O'Leary addressed the situation with his resume at an introductory news conference last January, saying, "I can't do anything about setbacks except move on. My past is my past. I won't field any questions about it. It's well-documented. But read the good part, too. I think that's why I'm here."
Sophomore linebacker Chris Welsh understood why O'Leary had been hired to revive a program that gained national recognition when Daunte Culpepper played quarterback for the Knights from 1995 to 1998 and later when the Knights beat Alabama during the 2000 season.
O'Leary was a disciplinarian, something former coach Mike Kruczek was not.
Playing with a lineup that includes 11 true freshmen and six others in their first season of college football, patching together a defense that has included six different safeties, the Knights have lost their eight games (three to nationally ranked teams) by an average of three touchdowns.
"When we stop making good effort, that's when I'll have a problem," O'Leary said. "We've had a rash of injuries, and we're so young. We have a bunch of good players, but right now we're not ready."
O'Leary admittedly didn't realize how little talent was left in the program when he accepted a five-year deal (worth an estimated $700,000 a year, which also rankled some on the academic side), but he isn't second-guessing himself for coming.
Even the hurricanes that have ravaged this state in September haven't deterred him.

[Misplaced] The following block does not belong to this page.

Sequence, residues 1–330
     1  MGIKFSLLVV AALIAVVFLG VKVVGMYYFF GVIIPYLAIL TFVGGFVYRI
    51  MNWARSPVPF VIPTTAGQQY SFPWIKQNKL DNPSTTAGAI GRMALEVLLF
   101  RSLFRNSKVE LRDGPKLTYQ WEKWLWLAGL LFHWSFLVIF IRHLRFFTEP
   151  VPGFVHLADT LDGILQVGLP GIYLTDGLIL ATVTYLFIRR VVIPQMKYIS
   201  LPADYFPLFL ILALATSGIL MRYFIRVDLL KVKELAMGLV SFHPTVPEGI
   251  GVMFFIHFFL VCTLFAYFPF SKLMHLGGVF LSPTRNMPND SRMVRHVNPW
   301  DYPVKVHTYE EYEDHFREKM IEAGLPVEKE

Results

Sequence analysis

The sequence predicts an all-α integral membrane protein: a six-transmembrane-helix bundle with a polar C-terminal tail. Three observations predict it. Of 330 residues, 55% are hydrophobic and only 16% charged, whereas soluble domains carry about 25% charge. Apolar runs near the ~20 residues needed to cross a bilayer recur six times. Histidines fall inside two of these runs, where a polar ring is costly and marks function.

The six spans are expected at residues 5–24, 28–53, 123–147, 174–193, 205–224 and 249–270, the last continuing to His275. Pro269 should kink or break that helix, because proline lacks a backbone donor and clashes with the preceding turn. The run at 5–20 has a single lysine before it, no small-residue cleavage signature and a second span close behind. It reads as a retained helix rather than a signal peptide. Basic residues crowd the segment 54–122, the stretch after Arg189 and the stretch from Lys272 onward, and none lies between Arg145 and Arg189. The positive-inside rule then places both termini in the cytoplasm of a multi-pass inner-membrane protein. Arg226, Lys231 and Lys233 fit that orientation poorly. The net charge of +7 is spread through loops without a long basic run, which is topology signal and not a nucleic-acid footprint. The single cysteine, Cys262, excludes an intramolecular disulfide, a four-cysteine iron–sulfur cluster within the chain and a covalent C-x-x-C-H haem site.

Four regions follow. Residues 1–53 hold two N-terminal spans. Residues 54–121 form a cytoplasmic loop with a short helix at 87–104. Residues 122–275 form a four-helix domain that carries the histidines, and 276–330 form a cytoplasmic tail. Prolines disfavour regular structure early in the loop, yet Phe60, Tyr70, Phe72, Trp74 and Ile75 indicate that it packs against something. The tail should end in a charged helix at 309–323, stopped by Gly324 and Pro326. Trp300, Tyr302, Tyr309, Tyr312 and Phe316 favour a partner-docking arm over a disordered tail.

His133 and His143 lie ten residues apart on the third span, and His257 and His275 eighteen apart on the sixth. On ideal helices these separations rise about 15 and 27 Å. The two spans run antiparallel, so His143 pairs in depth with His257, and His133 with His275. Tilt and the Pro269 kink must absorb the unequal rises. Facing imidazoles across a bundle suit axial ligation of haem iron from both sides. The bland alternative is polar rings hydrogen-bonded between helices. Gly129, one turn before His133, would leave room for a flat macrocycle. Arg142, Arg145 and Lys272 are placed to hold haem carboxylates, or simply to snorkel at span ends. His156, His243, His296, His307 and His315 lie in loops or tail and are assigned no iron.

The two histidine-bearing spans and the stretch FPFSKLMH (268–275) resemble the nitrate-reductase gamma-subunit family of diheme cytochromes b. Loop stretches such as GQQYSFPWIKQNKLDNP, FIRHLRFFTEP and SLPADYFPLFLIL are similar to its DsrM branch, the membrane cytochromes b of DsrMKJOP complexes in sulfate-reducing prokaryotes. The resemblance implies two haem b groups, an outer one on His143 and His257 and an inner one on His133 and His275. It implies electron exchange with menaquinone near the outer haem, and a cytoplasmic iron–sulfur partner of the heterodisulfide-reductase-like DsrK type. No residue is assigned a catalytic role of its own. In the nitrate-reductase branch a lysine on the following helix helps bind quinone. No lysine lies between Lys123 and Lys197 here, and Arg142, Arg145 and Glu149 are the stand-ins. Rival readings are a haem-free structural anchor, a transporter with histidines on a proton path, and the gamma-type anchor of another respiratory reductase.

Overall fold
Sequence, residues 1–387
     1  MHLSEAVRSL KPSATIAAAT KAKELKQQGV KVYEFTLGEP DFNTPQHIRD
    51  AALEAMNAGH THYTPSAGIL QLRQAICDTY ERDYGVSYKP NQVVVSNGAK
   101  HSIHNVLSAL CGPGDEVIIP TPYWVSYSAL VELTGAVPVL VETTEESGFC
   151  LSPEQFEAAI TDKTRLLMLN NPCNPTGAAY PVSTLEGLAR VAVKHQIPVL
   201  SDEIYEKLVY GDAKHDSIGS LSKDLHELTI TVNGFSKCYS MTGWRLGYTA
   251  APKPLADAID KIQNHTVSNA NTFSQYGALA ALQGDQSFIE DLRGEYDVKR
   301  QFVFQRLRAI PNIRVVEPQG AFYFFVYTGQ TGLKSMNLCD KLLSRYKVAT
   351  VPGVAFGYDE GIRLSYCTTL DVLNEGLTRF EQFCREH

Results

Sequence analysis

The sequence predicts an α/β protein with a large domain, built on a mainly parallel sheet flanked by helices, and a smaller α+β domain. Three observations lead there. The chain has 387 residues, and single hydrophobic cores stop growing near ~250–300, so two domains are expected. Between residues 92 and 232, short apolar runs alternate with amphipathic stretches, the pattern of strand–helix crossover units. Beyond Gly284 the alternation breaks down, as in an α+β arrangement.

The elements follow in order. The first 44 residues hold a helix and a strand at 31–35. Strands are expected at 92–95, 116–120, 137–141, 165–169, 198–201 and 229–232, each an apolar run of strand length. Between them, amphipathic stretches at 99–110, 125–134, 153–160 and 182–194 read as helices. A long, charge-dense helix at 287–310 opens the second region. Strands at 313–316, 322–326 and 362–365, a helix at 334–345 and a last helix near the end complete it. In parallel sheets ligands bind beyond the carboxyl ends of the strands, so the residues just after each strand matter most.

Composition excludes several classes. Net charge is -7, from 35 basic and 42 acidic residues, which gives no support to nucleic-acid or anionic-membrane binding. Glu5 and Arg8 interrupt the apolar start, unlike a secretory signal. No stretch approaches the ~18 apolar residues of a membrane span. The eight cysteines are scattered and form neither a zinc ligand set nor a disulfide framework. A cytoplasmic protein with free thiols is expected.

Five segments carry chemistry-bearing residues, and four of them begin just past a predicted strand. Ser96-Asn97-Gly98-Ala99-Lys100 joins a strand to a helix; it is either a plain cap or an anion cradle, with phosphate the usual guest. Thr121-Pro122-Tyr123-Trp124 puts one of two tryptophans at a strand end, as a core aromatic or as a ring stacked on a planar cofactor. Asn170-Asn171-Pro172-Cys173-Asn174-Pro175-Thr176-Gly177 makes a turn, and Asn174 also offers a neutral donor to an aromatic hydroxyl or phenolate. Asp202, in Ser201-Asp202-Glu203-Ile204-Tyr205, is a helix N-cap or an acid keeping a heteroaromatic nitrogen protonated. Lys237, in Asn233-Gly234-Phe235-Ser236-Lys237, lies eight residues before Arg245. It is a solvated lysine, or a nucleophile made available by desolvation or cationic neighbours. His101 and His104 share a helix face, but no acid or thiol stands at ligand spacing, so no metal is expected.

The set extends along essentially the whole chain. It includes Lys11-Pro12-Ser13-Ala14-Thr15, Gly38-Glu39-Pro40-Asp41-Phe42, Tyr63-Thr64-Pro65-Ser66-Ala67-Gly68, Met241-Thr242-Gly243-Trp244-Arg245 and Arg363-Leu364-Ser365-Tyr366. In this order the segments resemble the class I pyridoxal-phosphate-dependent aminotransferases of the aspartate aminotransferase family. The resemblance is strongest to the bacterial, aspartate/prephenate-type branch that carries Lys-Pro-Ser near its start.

"I wanted to get back in an area where I like the weather, in the South, and I thought this was a great opportunity - and I still think that it is," O'Leary said. "I wanted one more shot at getting a program turned around. I think it's a sleeping giant."
Since O'Leary arrived on this sprawling campus of 42,000 students - the school has doubled in size in Hitt's 13 years as president - the practice fields have been improved and a new $6 million indoor facility is expected to be finished by January.
Now if he can only get some players.
"I know that we're not going to get the kids who are going to Miami and Florida and Florida State, but the kids that are leaving the state [for other Division I-A programs], that's the ones we're targeting," O'Leary said. "Right now the opportunity to play is here."
O'Leary is hoping to use his past success in a city known for making dreams come true as a means to build his own magic kingdom. It was at the Citrus Bowl, Central Florida's home field, where O'Leary helped coach Georgia Tech to a share of the 1990 national championship.
"We were in the same locker room that Georgia Tech used during the Citrus Bowl [victory over Nebraska], and I told the kids we were recruiting that when I walked back in after that game, we were national champions," said O'Leary, who was defensive coordinator for Bobby Ross on a staff that also included Maryland coach Ralph Friedgen as offensive coordinator.
Given what O'Leary has gone through since taking the job, losing seems almost palatable.
Shortly after accepting the position last December while still coaching with the Vikings, O'Leary suffered a heart attack and later underwent a successful angioplasty procedure. O'Leary missed the season opener at Wisconsin because of the death of his mother.
"It's been a tough year," O'Leary said. "But I was raised one of eight children where every meal was an adventure. I've learned that it's not just the setbacks, it's the way you handle the setbacks that makes you the person you are."